However, Justice Antonin Scalia argued that Boyer had competent lawyers. The Justice cited the fact that one of Boyer's lawyers went to Yale. According to The Washington Post, Scalia asked Carla S. Sigler, the Louisiana assistant district attorney in the case: "Didn’t one of them go to Yale?"
Sigler answered, "Yes."
Scalia asked: "And didn't another attend Harvard?"
Again, Sigler answered, "Yes."
Scalia said: "Son of a gun," drawing laughter and side comments from all the justices all of whom either attended Harvard or Yale.
Thomas then made a comment the transcript missed. What appeared on the transcript was: "Well — he did not — "
Whatever it was that Thomas said, the Louisiana attorney responded: "I would refute that, Justice Thomas."
According to The Washington Post:
Sotomayor, a Yale graduate, then asked Sigler what was enough to make a lawyer constitutionally adequate.
“Is it anybody who’s graduated from Harvard and Yale?”
More laughter.
“Or even just passed the bar?” Sotomayor asked.
“Or LSU law,” Sigler said, referring to Louisiana State University.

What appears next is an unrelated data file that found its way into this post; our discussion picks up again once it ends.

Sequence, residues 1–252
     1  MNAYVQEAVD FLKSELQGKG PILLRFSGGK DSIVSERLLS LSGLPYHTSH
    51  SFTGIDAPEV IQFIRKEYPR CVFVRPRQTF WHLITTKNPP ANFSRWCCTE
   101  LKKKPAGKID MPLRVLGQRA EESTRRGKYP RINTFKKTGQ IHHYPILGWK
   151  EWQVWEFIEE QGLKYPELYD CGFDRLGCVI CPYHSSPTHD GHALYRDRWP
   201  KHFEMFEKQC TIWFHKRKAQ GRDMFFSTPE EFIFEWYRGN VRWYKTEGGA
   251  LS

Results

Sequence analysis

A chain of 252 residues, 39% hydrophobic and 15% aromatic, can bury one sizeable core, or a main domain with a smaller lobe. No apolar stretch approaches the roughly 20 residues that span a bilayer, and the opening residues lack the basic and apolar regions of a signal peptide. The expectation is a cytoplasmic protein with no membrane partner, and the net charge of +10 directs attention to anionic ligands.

So, what did Thomas say?
The Huffigntpon Post reports that a reporter of the SCOTUSBlog who was in the courtroom, tweeted: "Thomas, J. (Yale, JD), speaks: funny at argument—Yale degree could mean lawyer is incompetent, not competent, capital trial counsel."
Billy Freeland, a law student who was also present, also tweeted: "Thomas might have cracked, 'Thats not effective counsel.' But hard to hear."
The Supreme Court is expected to release the audio of the oral argument on Friday and it may clarify the comment that the transcript missed.
The last time that Justice Thomas spoke at oral argument was on February 22, 2006. The New York Times reports that one of the most intriguing questions in Supreme court social circles is why Thomas has not asked a question during oral argument since Feb. 22, 2006.
His record stands because his comment on Monday was not a question.